Version 1.1 of the definition has been released. Please help updating it, contribute translations, and help us with the design of logos and buttons to identify free cultural works and licenses!

Editing Announcements/1.0

Jump to navigation Jump to search

Warning: You are not logged in. Your IP address will be publicly visible if you make any edits. If you log in or create an account, your edits will be attributed to your username, along with other benefits.

The edit can be undone. Please check the comparison below to verify that this is what you want to do, and then save the changes below to finish undoing the edit.

Latest revision Your text
Line 1: Line 1:
[[/Log]] - blogs, lists, individuals etc. where this has been sent
 
 
 
= New "Definition of Free Cultural Works" Challenges Authors to Rethink Copyright Law=
 
= New "Definition of Free Cultural Works" Challenges Authors to Rethink Copyright Law=
  
''The Internet, February 14, 2007.'' —
+
A diverse group of writers has released version 1.0 of the "Definition of Free Cultural Works." The authors have identified a minimum set of freedoms which they believe should be granted to all users of copyrighted materials. Written through a wiki with the feedback of Wikipedia users, open source hackers, artists, scientists, and lawyers, the definition lists the following core freedoms:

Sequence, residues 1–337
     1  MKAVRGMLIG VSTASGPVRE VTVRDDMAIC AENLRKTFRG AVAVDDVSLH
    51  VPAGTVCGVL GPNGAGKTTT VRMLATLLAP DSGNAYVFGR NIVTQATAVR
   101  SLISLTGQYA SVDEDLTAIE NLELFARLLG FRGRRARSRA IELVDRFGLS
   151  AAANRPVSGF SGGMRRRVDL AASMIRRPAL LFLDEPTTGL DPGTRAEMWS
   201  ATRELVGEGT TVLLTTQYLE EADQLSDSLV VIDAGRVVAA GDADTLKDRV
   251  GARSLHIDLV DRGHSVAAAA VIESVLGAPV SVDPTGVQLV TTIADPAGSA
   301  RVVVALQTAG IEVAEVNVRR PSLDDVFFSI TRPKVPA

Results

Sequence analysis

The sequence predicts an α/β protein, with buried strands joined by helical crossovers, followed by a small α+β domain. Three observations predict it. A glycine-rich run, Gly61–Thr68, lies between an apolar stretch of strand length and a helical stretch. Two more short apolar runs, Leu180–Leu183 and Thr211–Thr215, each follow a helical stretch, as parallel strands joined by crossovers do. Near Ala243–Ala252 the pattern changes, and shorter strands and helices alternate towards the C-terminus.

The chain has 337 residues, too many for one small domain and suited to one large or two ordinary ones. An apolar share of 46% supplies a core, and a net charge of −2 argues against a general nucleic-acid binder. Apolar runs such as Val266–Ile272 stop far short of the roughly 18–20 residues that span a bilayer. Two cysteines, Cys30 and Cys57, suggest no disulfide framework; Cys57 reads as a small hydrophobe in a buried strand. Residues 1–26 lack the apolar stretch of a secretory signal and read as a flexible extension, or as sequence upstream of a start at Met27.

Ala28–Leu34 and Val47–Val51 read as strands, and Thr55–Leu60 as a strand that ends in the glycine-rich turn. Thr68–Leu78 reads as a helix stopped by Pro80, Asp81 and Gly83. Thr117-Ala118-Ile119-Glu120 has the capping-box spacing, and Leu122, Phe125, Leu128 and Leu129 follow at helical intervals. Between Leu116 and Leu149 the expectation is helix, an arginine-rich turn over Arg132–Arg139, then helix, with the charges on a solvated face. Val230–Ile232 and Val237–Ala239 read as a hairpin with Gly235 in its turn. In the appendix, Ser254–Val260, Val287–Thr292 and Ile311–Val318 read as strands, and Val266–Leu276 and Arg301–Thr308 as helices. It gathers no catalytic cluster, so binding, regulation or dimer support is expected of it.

A diverse group of writers has released the first version of the "Definition of Free Cultural Works." The authors have identified a minimum set of freedoms which they believe should be granted to all users of copyrighted materials. Created on a wiki with the feedback of Wikipedia users, open source hackers, artists, scientists, and lawyers, the definition lists the following core freedoms:
 
  
 
* The freedom to use and perform the work
 
* The freedom to use and perform the work
Line 11: Line 8:
 
* The freedom to distribute derivative works.
 
* The freedom to distribute derivative works.
  
Inspired by the Free Software Definition and the ideas of the free software and open source movements, these conditions are meant to apply to any conceivable work. In reality, these freedoms must be granted explicitly by authors, through the use of licenses which confer them. On the website of the definition, <http://freedomdefined.org/>, a list of these licenses can be found. Furthermore, authors are encouraged to identify their works as Free Cultural Works using a set of logos and buttons.
+
Inspired by the Free Software Definition and the ideals of the free software and open source movement, these conditions are meant to apply to any conceivable work. In reality, these freedoms must be granted explicitly by authors, through the use of licenses which confer them. On the website of the definition, <http://freedomdefined.org/>, a list of these licenses can be found. Furthermore, authors are encouraged to identify their works as Free Cultural Works using a set of logos and buttons.